I once had a very interesting conversation with a man who was briefly influential for having invented what he (and others) regarded as an objective and quantifiable measure of the quality of life. The idea was that this could then be used to calculate how best to deploy health care resources to get the greatest amount of health per unit resource.
Sounds great! (Or, at least it does to a health service bureaucrat.)
The actual method entailed doing surveys (on, inevitably, non-representative groups) to ask individuals numerically to rate and compare various alternative scenarios of health. These opinions were then subject to mathematical procedures - of averaging, standardising and the like - to come up with what was supposedly an objective unit.
(A further, normal, assumption here is that people are inter-changeable units; so that what applies on average also applies to all individuals. The average quality of life with a disease - whatever that may mean - is applied to each individual with the same disease, when it comes to policy. That such an assumption lacks any scientific/ statistical validity seems to make zero difference.)
The chap was educated and - in a way - intelligent - I recall him quoting Aristotle. But he simply could not understand that this procedure was arbitrary and anything-but objective: that it did Not At All measure the quality of life.
Modern bureaucracy is full of this Emperor's Nose* kind of thing (the definition of 'quality' is itself another very influential and long-lasting example); indeed such abritrary-mandatory-definitions must come from the very top of the bureaucracies, or else they would simply be laughed out of court as being obvious nonsense. Nobody knows how to do something, so an elaborate and expensive process is devised - which is officially declared to have solved the problem.
Exactly the same thing happened with Evidence Based Medicine - a particular type of research method (the very-large, randomised controlled trial) was declared to be The Best, most authoritative, only truly valid source of evidence concerning therapeutic effectiveness.
The assumption is established that procedure leads to truth. Q: Why do bureaucrats do this? A: Because bureaucrats control procedure - therefore truth.
But what is very interesting is that bureaucrats seldom stick to their own rules.
I worked for a couple of years in the National Health Service bureaucracy (as a part-time public health physician trainee); and the normal thing was to expend massive time and energy on establishing 'objective' procedures and rules that dictate proper decisions by agreed criteria; and then ignoring them half the time, and doing things for entirely different reasons.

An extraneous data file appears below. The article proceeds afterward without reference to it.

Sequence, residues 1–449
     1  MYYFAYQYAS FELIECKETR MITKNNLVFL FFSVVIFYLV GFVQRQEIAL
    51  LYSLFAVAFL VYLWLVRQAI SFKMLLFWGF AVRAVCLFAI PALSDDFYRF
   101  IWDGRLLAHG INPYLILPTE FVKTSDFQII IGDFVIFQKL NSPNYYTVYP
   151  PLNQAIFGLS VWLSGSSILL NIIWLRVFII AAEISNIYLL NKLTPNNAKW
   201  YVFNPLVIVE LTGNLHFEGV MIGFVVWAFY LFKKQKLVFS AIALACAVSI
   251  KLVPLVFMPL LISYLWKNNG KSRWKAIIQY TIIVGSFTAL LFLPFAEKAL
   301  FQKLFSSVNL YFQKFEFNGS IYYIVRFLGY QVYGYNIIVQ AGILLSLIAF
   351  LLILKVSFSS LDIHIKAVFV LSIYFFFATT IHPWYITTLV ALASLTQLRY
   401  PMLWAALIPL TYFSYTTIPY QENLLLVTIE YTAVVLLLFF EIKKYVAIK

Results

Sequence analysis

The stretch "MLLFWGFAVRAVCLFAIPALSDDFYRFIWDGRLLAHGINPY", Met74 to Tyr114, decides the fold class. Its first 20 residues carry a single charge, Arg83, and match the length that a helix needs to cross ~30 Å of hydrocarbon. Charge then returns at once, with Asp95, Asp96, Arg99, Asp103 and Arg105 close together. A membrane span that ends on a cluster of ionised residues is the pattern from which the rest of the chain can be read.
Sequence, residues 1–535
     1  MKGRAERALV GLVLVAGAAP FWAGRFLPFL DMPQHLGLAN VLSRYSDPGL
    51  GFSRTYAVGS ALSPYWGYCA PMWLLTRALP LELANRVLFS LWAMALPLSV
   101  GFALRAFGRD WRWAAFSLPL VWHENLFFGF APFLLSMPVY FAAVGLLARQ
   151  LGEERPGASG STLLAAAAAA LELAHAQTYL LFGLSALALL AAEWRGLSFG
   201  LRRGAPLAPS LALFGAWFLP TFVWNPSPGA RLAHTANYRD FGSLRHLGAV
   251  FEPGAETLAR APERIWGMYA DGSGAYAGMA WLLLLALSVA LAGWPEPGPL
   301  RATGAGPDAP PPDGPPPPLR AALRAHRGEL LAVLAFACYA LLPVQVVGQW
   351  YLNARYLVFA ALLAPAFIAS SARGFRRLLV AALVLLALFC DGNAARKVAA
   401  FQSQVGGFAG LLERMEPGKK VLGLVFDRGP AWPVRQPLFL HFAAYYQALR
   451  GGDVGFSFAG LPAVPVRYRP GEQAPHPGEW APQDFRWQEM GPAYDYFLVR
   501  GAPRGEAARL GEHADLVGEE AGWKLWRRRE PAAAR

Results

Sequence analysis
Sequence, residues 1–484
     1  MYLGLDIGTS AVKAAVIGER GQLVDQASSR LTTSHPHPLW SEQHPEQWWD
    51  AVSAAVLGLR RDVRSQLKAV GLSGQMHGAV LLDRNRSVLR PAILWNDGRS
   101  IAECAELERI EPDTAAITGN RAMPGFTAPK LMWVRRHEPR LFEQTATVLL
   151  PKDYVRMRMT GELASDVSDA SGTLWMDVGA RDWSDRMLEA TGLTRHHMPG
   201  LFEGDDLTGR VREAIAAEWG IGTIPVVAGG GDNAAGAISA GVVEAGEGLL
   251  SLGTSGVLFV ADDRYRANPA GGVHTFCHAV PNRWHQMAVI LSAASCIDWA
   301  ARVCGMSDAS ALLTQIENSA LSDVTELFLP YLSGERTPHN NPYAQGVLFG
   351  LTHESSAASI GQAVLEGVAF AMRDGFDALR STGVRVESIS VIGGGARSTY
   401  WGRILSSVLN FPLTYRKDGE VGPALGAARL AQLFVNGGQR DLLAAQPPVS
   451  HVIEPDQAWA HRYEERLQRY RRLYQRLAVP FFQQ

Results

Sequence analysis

Some of this is simply corruption: short-termist selfishness of individuals. Some of it is ideological - because Leftist imperatives always trump the proper-procedures, and bureaucrats affirm-to-themselves, and advertise-to-others, their own morality whenever they do this.
For example, a high-up explained to me how he was first to sack ('let go') more than a hundred staff in compliance to central government directives to 'cut red tape' etc; and that this tough cull was advertised in press statements. But that in reality essentially all of the 'sacked' staff were merely being re-deployed within the organisation, or sacked and rehired for the same function a few days later (and other similar scams) - this sticking to the letter and violating the spirit was a source of managerial pride; intended as educational evidence of competence.
Another analogous instance was that I was assigned to see what types of treatment could (and by implication should) be eliminated from state-provision because they were not really about health. What was envisaged was probably cutting provision of Alternative therapies. One major possible saving that I noticed was fertility treatment; on the basis that being infertile was a misfortune but not a health problem.
This was instantly and decisievly removed from the table of possible cuts to be considered; on the basis that one of the chiefs said that it was exactly the kind of thing the NHS ought to do, and indeed should do much more of - because (when effective) it made people so happy. Which was true; but making people happy is an entirely different matter than the official 'mission' of providing health care to (for example) reduce suffering, restore functionality and save lives.
I was trying to be a 'good bureaucrat' by applying the rules; but here was a harsh lesson in the truth of how things really work. Fertility treatment was a 'pet project' of a senior bureaucrat (for whatever reasons, good or bad) - and 'therefore' the rules did not apply, and indeed the rules were reversed.
My point is that people often complain about the materialism 'mindless' bureaucracy; that modern society runs like a machine ignoring the individual. But that is only half the truth of it.
We are indeed bound ever more extensively and deeply by the Iron cage of bureaucracy; with rules and procedures extending to more and more of life.
And at the same time; these rules and procedures are applied according to not procedural criteria; and the rules and procedures are frequently changed - in response to non-rule-based, non-procedural imperatives.
A vital factor in this is catch-all rules such as Terms of Service, or catch-all laws such as Hate Crimes. These make everybody in breach of regulations all of the time; hence every application is arbitrary - or more exactly, dictated by the whims and preferences of managers.